Small businesses with the equivalent of more than 50 full time employees will be required to provide healthcare or face a fine, but the number of business owners who will be affected is actually lower than some may think.
"I think the small business people are nervous and concerned, because they don't have enough information," says Larry Brian, the Director of the Small Business Technology Development Center at the University of Arkansas. "I would just bet that a lot of small businesses out there who either have less than 50 employees or have 50 or more and cover them with insurance think that they're going to be affected by this... when actually there won't be any change at all to a real majority of small businesses, especially in our area."
Rolf Wilkin, the president and owner of Eureka Pizza is ready for the new rules.
"You hear a lot of fear out there," he says. "People hate being told what to do, but I think we can all agree there's a big healthcare problem."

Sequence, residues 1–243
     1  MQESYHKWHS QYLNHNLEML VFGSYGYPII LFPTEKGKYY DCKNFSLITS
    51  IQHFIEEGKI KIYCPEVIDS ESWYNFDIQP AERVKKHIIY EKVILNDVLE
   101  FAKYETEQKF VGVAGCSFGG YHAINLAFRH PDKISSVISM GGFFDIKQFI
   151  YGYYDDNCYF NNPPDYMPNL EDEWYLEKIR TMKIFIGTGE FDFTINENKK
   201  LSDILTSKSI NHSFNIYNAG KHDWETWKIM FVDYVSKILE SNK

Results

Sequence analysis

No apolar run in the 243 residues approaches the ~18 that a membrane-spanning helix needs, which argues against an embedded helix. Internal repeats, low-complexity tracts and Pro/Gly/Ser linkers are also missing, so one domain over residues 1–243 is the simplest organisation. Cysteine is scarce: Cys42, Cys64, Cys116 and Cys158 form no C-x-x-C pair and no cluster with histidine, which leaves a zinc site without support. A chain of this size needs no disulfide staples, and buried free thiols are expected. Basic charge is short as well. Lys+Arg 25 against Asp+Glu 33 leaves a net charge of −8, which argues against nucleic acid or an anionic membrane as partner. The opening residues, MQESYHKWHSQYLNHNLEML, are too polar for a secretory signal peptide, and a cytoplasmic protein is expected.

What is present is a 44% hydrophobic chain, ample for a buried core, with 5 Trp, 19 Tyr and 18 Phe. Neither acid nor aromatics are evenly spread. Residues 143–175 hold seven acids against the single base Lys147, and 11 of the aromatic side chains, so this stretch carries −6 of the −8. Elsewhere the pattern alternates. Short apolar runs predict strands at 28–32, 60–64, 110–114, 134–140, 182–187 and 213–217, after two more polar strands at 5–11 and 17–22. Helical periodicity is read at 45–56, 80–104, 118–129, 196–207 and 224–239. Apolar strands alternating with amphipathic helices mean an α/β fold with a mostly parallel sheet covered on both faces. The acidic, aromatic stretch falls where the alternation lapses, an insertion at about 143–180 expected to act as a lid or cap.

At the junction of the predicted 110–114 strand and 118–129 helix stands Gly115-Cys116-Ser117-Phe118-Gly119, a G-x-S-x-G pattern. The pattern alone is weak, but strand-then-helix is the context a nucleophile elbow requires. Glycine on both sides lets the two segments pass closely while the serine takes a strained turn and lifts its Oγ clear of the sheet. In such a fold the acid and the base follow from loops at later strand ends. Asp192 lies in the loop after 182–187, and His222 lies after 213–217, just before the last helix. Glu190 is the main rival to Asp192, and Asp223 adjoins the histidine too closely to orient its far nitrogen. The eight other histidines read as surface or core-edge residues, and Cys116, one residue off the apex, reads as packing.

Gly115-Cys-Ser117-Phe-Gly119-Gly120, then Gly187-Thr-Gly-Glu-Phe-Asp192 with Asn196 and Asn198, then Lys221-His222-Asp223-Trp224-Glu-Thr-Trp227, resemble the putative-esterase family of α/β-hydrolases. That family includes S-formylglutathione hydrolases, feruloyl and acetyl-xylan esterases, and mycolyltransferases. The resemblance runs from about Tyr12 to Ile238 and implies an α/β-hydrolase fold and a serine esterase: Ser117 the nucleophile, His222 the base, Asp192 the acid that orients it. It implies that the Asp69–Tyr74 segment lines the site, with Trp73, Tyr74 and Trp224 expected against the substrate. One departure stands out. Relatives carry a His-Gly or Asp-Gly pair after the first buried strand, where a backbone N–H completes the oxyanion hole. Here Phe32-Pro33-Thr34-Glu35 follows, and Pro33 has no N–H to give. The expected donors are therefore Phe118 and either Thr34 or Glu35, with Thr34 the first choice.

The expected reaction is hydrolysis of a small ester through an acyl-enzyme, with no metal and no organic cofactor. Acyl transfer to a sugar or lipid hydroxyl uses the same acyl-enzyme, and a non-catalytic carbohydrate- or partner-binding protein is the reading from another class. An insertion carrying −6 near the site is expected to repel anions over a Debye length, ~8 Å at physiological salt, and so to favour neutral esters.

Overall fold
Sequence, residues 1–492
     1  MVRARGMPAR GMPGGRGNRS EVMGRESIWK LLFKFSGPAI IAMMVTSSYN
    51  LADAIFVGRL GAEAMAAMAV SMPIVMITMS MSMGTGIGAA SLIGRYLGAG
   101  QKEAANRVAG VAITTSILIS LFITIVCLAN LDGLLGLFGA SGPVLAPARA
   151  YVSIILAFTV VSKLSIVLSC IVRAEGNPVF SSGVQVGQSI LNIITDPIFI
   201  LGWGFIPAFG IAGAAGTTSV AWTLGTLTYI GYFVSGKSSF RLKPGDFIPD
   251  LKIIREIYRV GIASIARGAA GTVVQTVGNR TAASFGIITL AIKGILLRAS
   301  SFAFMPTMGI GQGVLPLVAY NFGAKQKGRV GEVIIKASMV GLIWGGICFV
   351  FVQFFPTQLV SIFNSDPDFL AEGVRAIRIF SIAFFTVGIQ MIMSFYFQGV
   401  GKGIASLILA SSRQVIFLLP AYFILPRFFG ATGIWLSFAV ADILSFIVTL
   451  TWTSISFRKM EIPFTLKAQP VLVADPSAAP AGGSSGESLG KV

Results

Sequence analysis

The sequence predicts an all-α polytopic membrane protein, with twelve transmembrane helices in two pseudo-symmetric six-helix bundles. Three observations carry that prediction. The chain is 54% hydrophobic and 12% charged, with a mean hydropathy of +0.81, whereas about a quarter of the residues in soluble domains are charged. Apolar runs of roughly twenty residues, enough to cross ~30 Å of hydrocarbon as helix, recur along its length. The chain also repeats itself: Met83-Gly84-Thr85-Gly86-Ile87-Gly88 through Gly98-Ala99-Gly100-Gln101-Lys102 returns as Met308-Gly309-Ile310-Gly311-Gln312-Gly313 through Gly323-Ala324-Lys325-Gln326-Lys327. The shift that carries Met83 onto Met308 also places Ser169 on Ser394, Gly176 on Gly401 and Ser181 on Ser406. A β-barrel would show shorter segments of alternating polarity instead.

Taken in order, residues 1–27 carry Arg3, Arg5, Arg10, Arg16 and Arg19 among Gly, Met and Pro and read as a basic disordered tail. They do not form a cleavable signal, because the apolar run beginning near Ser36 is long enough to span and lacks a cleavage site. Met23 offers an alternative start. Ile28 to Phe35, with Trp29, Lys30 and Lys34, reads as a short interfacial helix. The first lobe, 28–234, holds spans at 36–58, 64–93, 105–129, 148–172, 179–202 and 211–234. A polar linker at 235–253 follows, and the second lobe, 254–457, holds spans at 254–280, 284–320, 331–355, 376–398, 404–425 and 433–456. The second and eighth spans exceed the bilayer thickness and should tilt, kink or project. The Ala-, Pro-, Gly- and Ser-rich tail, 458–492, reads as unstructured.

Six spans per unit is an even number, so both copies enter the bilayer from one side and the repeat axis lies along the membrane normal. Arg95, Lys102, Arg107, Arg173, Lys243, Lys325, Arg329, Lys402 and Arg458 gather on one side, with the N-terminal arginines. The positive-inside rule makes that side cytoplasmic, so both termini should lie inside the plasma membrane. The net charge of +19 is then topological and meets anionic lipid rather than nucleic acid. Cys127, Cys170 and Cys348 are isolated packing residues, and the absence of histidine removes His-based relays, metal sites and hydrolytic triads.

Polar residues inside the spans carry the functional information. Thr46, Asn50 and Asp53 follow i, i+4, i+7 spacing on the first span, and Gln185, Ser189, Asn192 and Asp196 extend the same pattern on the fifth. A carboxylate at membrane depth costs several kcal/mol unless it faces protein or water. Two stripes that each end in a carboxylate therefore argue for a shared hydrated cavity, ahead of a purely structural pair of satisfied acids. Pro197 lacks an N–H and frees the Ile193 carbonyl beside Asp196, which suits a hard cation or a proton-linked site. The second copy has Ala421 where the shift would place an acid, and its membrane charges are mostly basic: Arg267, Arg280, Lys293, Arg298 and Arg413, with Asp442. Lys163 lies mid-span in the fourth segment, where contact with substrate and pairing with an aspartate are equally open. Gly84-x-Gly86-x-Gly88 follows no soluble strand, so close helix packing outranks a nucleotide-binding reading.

With 200 employees across nine locations the Fayetteville based chain is well above the 50 employee limit, but so are competitors.
"Since everybody's subjected to it, that it's a level playing field, we've decided not to get really worried about it," he says. "You know your nightmare would be if you had to obey a certain law and other people didn't."
The pizza place provides healthcare for management already, and anyone over 30 hours is enrolled in AR Health Networks.
"That program is being kind of merged into the state medicaid private option," Wilkin says. "It's not going to be an enormous difference for us."
But Brian says small business owners qualifying companies that don't already provide insurance can expect substantial budget increases .
"It can be very expensive to provide insurance for 50 or more employees," he says. "Most companies, when their expenses increase, they pass it on to their customers... They probably have a choice to make, and that's either to provide the insurance, pay the fine, or somehow reduce their workforce."
Wilkin says he won't cut anything other than pizza pies.
"It's the law of the land," he says. "We can support it with a smile I suppose."